US711043514 mars 200019 sept. 2006Parkervision, Inc.Spread spectrum applications of universal frequency translation
US71104444 août 200019 sept. 2006Parkervision, Inc.Wireless local area network (WLAN) using universal frequency translation technology including multi-phase embodiments and circuit implementations
US719094112 déc. 200213 mars 2007Parkervision, Inc.Method and apparatus for reducing DC offsets in communication systems using universal frequency translation technology
US721889912 oct. 200415 mai 2007Parkervision, Inc.Apparatus, system, and method for up-converting electromagnetic signals
US72189075 juil. 200515 mai 2007Parkervision, Inc.Method and circuit for down-converting a signal
US722474913 déc. 200229 mai 2007Parkervision, Inc.Method and apparatus for reducing re-radiation using techniques of universal frequency translation technology
US723396918 avr. 200519 juin 2007Parkervision, Inc.Method and apparatus for a parallel correlator and applications thereof
US72367544 mars 200226 juin 2007Parkervision, Inc.Method and system for frequency up-conversion
US72458863 févr. 200517 juil. 2007Parkervision, Inc.Method and system for frequency up-conversion with modulation embodiments
US727216410 déc. 200218 sept. 2007Parkervision, Inc.Reducing DC offsets using spectral spreading
US729283529 janv. 20016 nov. 2007Parkervision, Inc.Wireless and wired cable modem applications of universal frequency translation technology
US72958265 mai 200013 nov. 2007Parkervision, Inc.Integrated frequency translation and selectivity with gain control functionality, and applications thereof
US730824210 août 200411 déc. 2007Parkervision, Inc.Method and system for down-converting and up-converting an electromagnetic signal, and transforms for same
US73216404 juin 200322 janv. 2008Parkervision, Inc.Active polyphase inverter filter for quadrature signal generation
US732173510 mai 200022 janv. 2008Parkervision, Inc.Optical down-converter using universal frequency translation technology
US737641016 févr. 200620 mai 2008Parkervision, Inc.Methods and systems for down-converting a signal using a complementary transistor structure
US73795152 mars 200127 mai 2008Parkervision, Inc.Phased array antenna applications of universal frequency translation
US737988318 juil. 200227 mai 2008Parkervision, Inc.Networking methods and systems
US738629225 oct. 200410 juin 2008Parkervision, Inc.Apparatus, system, and method for down-converting and up-converting electromagnetic signals
US738910024 mars 200317 juin 2008Parkervision, Inc.Method and circuit for down-converting a signal
US743391018 avr. 20057 oct. 2008Parkervision, Inc.Method and apparatus for the parallel correlator and applications thereof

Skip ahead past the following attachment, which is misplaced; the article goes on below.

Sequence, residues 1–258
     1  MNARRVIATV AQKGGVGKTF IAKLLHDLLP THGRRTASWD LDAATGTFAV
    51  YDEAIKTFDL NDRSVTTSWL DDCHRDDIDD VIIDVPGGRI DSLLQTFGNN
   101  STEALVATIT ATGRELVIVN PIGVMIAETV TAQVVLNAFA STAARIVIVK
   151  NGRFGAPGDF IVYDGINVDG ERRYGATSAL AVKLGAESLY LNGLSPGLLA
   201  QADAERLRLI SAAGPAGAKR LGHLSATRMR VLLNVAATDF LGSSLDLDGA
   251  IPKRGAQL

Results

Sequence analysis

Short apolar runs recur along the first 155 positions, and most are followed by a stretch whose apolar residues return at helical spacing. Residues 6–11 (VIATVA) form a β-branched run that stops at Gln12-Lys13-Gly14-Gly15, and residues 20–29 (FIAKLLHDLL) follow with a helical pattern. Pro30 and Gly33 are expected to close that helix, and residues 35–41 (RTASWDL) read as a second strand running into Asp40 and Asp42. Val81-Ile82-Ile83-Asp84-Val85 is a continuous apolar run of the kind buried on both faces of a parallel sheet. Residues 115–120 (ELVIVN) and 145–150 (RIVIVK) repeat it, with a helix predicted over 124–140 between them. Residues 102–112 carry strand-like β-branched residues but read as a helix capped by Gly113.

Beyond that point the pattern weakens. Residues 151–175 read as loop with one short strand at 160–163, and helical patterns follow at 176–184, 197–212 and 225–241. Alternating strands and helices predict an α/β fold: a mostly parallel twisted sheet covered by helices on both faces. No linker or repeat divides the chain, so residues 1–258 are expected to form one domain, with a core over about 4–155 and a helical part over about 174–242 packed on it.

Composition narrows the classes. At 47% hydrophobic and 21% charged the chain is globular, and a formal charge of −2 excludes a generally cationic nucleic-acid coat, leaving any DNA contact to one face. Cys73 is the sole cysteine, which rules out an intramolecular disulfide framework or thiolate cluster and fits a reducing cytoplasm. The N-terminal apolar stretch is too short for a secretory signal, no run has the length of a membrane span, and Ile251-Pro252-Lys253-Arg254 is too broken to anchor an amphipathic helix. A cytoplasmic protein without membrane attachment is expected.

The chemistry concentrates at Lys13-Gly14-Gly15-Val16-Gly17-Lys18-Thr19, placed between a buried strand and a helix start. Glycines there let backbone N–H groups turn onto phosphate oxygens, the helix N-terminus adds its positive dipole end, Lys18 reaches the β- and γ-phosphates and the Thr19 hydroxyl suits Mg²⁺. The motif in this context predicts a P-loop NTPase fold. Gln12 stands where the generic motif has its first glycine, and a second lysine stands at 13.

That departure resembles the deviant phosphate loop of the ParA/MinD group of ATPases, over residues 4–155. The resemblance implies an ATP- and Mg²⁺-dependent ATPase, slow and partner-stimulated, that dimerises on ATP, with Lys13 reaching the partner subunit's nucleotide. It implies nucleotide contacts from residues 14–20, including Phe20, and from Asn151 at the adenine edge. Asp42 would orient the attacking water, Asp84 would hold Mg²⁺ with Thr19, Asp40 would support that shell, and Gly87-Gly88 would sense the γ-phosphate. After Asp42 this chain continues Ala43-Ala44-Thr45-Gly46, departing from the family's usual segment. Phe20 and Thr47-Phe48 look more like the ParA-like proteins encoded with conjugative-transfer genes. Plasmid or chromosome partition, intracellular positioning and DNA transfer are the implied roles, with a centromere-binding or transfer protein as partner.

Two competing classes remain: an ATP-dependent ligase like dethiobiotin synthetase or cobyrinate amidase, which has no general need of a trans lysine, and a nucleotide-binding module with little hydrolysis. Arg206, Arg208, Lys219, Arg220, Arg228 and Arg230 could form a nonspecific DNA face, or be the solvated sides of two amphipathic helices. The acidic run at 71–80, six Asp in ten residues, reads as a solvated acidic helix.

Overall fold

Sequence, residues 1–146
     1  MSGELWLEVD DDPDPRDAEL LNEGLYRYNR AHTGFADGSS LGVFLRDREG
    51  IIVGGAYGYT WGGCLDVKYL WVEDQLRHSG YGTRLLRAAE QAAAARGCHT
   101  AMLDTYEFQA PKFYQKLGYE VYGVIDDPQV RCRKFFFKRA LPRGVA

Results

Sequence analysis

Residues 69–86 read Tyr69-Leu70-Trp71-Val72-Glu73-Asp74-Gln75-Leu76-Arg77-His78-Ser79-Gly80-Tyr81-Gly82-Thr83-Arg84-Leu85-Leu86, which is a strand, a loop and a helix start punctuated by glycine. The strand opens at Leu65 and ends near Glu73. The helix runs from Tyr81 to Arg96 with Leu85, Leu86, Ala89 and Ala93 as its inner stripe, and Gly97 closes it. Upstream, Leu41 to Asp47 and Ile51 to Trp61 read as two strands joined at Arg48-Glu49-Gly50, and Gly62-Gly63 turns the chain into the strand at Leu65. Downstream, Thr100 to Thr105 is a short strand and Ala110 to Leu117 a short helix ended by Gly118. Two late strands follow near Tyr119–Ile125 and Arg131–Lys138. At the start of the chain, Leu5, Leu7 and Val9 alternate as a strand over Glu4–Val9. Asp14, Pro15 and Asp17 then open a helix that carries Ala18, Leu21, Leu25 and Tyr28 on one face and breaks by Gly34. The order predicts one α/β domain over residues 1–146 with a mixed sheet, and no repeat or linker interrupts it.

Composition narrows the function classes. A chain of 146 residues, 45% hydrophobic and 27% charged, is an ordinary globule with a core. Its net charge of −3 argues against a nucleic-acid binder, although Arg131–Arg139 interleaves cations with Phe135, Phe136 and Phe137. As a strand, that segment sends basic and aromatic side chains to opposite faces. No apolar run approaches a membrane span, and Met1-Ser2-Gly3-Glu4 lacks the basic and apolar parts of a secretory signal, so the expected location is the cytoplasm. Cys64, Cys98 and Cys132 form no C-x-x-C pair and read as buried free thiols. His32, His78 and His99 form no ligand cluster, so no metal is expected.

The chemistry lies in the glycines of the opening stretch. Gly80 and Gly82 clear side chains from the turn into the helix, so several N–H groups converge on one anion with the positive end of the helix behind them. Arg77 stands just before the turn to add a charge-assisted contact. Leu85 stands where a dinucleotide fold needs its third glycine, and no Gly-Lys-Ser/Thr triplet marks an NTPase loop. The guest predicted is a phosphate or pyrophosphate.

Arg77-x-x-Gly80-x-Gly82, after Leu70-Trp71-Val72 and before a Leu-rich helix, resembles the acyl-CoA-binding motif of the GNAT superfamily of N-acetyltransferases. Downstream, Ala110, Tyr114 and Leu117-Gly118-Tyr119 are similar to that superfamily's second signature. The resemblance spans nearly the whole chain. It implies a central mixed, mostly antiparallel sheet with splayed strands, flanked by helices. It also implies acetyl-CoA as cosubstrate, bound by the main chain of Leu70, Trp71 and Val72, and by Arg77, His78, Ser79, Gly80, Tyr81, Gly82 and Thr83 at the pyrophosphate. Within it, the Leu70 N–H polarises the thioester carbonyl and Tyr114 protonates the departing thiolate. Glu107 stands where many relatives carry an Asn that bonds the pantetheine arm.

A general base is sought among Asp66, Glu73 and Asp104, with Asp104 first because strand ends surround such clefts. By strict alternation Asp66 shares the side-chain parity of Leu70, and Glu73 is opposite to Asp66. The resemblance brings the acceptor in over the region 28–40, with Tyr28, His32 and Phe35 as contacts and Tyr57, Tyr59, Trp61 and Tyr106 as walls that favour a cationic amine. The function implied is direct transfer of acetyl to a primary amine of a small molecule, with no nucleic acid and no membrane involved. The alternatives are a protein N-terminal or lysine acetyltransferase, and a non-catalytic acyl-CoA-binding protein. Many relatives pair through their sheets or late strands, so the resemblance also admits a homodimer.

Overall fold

US745445324 nov. 200318 nov. 2008Parkervision, Inc.Methods, systems, and computer program products for parallel correlation and applications thereof
US746058418 juil. 20022 déc. 2008Parkervision, Inc.Networking methods and systems
US748368627 oct. 200427 janv. 2009Parkervision, Inc.Universal platform module and methods and apparatuses relating thereto enabled by universal frequency translation technology
US749634225 oct. 200424 févr. 2009Parkervision, Inc.Down-converting electromagnetic signals, including controlled discharge of capacitors
US751589614 avr. 20007 avr. 2009Parkervision, Inc.Method and system for down-converting an electromagnetic signal, and transforms for same, and aperture relationships
US752952218 oct. 20065 mai 2009Parkervision, Inc.Apparatus and method for communicating an input signal in polar representation
US753947417 févr. 200526 mai 2009Parkervision, Inc.DC offset, re-radiation, and I/Q solutions using universal frequency translation technology
US754609622 mai 20079 juin 2009Parkervision, Inc.Frequency up-conversion using a harmonic generation and extraction module
US755450815 janv. 200830 juin 2009Parker Vision, Inc.Phased array antenna applications on universal frequency translation
US759942117 avr. 20066 oct. 2009Parkervision, Inc.Spread spectrum applications of universal frequency translation
US762037816 juil. 200717 nov. 2009Parkervision, Inc.Method and system for frequency up-conversion with modulation embodiments
US765314525 janv. 200526 janv. 2010Parkervision, Inc.Wireless local area network (WLAN) using universal frequency translation technology including multi-phase embodiments and circuit implementations
US765315817 févr. 200626 janv. 2010Parkervision, Inc.Gain control in a communication channel
US769323022 févr. 20066 avr. 2010Parkervision, Inc.Apparatus and method of differential IQ frequency up-conversion
US76935022 mai 20086 avr. 2010Parkervision, Inc.Method and system for down-converting an electromagnetic signal, transforms for same, and aperture relationships
US769791621 sept. 200513 avr. 2010Parkervision, Inc.Applications of universal frequency translation